Tax-exempt organizations are still subject to payroll taxes. Much like commercial businesses, nonprofit organizations must pay the Federal Insurance Contributions Act (FICA) tax by withholding federal income taxes and Social Security and Medicare from employees’ paychecks. The organization must also match an employee’s Social Security and Medicare contributions.
Unlike for-profit businesses, a 501(c)(3) organization is not liable for Federal Unemployment Tax Act (FUTA) taxes. This is not the case for all tax-exempt classifications, however. Nonprofit organizations not classified as 501(c)(3)s are still liable for FUTA taxes.
The nonprofit organization may be liable for state and local taxes, such as State Unemployment Tax Act (SUTA). While there are some exceptions on payroll taxes for charitable organizations, it’s best to check the specific tax requirements in your city and state as these can vary widely.
Nonprofits must still withhold FICA taxes – which include federal income taxes, Social Security and Medicare – from an employee’s paycheck. Nonprofits classified as 501(c)(3) are not liable for FUTA taxes; however, they may be liable for specific SUTA taxes.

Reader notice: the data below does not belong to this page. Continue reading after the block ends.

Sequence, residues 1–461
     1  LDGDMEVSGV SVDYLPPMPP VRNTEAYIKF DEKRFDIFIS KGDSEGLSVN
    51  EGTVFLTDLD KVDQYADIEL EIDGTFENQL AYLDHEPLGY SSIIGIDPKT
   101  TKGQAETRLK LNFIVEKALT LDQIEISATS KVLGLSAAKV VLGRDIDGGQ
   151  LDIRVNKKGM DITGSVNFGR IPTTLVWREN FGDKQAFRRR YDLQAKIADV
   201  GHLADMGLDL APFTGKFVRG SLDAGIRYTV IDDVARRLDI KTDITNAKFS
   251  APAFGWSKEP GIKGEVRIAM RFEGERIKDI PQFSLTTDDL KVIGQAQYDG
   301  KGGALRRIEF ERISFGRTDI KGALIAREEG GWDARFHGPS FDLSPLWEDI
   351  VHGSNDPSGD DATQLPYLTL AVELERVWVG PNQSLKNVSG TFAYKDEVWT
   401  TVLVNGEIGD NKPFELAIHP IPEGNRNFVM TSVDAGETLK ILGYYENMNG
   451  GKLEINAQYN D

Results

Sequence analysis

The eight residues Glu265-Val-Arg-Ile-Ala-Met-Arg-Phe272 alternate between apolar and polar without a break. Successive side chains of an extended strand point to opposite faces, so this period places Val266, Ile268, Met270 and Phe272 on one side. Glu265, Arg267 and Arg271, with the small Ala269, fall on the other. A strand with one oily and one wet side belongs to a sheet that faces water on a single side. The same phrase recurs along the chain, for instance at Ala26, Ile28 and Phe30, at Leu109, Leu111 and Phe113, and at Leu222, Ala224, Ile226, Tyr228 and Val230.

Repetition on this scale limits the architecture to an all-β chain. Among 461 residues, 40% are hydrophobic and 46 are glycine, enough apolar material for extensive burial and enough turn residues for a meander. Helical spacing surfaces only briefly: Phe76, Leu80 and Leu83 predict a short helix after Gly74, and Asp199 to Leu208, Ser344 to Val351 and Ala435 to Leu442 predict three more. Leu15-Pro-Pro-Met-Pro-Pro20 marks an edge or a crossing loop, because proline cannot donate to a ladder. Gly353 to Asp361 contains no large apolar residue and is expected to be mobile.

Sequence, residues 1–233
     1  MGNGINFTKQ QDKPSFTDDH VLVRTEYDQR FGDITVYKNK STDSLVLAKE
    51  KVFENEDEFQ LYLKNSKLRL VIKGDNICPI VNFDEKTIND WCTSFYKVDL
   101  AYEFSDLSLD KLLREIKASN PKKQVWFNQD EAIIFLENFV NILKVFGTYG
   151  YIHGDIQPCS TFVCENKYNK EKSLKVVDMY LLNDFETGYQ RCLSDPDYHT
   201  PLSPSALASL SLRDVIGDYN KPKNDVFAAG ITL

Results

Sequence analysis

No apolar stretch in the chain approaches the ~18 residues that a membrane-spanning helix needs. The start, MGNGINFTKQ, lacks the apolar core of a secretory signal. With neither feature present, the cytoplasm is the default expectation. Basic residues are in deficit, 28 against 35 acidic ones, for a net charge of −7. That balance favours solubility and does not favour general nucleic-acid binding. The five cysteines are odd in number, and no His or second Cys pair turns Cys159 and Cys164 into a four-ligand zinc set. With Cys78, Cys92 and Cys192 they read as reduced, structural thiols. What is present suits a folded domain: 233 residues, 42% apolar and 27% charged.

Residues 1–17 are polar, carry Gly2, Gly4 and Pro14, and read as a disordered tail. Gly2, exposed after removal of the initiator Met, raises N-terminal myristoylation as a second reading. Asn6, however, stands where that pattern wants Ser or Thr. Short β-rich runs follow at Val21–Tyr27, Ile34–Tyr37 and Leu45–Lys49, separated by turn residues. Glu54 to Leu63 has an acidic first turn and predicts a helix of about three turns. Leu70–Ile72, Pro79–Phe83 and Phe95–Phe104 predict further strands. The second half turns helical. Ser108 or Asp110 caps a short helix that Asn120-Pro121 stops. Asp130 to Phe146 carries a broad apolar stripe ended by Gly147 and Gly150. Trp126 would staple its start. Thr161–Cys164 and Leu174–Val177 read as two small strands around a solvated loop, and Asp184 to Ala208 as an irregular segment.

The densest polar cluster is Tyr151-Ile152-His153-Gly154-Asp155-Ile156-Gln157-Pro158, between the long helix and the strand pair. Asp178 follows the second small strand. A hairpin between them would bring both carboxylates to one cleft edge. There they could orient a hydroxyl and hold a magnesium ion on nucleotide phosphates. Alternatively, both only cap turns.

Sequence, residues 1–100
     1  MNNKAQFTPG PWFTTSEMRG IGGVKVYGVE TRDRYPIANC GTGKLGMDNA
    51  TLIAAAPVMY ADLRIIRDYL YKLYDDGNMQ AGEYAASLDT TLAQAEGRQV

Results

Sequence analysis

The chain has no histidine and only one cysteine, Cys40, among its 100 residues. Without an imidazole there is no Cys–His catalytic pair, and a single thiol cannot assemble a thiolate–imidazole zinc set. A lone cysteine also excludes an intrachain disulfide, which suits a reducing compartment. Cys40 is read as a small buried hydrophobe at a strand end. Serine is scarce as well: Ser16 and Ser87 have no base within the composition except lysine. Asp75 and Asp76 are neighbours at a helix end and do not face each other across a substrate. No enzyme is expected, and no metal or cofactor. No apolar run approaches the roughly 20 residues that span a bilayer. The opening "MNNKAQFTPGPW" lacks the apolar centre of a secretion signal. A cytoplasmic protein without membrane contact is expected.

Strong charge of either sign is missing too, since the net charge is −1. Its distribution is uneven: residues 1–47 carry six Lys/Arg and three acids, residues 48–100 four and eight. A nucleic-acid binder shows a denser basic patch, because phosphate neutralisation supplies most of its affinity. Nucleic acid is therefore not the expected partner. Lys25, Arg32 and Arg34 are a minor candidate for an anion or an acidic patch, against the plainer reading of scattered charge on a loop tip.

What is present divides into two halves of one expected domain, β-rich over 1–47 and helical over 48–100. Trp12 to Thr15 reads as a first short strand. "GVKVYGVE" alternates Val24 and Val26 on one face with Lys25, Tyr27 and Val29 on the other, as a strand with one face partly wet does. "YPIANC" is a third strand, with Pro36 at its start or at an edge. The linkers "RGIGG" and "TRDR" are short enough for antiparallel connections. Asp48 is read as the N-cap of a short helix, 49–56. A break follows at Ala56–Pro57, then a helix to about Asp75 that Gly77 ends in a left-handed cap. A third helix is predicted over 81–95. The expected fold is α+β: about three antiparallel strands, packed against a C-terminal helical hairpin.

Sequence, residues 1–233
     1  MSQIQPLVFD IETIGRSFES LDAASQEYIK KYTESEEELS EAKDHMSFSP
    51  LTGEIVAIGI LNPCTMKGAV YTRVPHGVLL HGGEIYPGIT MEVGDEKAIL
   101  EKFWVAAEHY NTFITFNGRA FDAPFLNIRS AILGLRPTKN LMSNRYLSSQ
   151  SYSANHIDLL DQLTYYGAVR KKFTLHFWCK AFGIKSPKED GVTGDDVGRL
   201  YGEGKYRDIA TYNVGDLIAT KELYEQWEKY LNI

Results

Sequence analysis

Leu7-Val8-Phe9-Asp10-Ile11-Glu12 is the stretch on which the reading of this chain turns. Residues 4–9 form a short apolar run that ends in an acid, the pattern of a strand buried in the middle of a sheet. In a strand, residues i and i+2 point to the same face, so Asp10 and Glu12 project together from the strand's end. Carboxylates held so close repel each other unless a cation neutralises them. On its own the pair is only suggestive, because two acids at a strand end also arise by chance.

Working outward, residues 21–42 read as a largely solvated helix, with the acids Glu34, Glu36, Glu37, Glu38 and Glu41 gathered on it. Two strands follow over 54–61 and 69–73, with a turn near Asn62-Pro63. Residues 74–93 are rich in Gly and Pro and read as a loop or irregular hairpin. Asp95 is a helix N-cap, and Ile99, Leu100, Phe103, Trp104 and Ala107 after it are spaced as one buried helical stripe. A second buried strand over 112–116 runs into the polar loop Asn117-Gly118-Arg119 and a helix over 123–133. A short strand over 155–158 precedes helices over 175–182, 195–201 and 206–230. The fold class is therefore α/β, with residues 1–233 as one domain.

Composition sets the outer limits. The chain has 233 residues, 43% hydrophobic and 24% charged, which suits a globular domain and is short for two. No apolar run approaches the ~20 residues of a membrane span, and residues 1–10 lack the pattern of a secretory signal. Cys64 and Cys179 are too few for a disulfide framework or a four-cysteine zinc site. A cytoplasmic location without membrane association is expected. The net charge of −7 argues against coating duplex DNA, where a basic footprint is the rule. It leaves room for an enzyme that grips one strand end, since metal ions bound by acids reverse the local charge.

Nonprofits have the added benefit of attracting volunteers to aid their missions. Nonprofits often reward volunteers for their time; however, these rewards mustn’t be taxable. If taxable gifts are given in exchange for a volunteer’s work, the organization must withhold taxes as they do with payroll, and the volunteer must report the value as taxable income.
Nonprofits often apply for grants from foundations or for-profit organizations as a source of funding. These grants are typically for a specific project that furthers the organization’s greater mission. Depending on the terms of the grant, these funds can cover certain payroll costs associated with an employee or employees whose work primarily supports the specific project.
It is important to note that employees who are funded by a grant will need to meticulously track their time back to the grant, particularly if their time is split between multiple projects. Administrators will need to report these expenses back to the grantor.
To keep their federal and state tax-exempt status, nonprofits must comply with strict guidelines and file IRS forms each year, depending on their specific tax-exempt classification, gross receipts and total assets.